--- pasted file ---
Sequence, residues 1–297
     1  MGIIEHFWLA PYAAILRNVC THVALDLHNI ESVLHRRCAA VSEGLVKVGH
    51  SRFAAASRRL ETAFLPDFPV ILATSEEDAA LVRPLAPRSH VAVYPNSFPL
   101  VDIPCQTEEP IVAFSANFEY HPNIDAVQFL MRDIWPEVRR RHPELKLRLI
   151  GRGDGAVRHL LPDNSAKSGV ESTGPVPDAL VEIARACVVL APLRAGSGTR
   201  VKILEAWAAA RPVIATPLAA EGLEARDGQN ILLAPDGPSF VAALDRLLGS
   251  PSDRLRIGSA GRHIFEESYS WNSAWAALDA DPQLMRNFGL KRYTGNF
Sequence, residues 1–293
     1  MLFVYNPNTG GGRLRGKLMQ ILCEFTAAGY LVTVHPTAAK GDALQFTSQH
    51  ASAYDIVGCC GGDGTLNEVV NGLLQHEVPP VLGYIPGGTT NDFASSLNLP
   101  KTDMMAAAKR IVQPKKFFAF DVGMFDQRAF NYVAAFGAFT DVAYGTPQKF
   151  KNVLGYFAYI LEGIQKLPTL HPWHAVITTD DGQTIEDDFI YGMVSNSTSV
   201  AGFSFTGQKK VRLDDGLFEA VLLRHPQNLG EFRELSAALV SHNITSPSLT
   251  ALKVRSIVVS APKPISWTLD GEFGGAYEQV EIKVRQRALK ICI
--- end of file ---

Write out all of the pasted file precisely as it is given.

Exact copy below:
Sequence, residues 1–297
     1  MGIIEHFWLA PYAAILRNVC THVALDLHNI ESVLHRRCAA VSEGLVKVGH
    51  SRFAAASRRL ETAFLPDFPV ILATSEEDAA LVRPLAPRSH VAVYPNSFPL
   101  VDIPCQTEEP IVAFSANFEY HPNIDAVQFL MRDIWPEVRR RHPELKLRLI
   151  GRGDGAVRHL LPDNSAKSGV ESTGPVPDAL VEIARACVVL APLRAGSGTR
   201  VKILEAWAAA RPVIATPLAA EGLEARDGQN ILLAPDGPSF VAALDRLLGS
   251  PSDRLRIGSA GRHIFEESYS WNSAWAALDA DPQLMRNFGL KRYTGNF
Sequence, residues 1–293
     1  MLFVYNPNTG GGRLRGKLMQ ILCEFTAAGY LVTVHPTAAK GDALQFTSQH
    51  ASAYDIVGCC GGDGTLNEVV NGLLQHEVPP VLGYIPGGTT NDFASSLNLP
   101  KTDMMAAAKR IVQPKKFFAF DVGMFDQRAF NYVAAFGAFT DVAYGTPQKF
   151  KNVLGYFAYI LEGIQKLPTL HPWHAVITTD DGQTIEDDFI YGMVSNSTSV
   201  AGFSFTGQKK VRLDDGLFEA VLLRHPQNLG EFRELSAALV SHNITSPSLT
   251  ALKVRSIVVS APKPISWTLD GEFGGAYEQV EIKVRQRALK ICI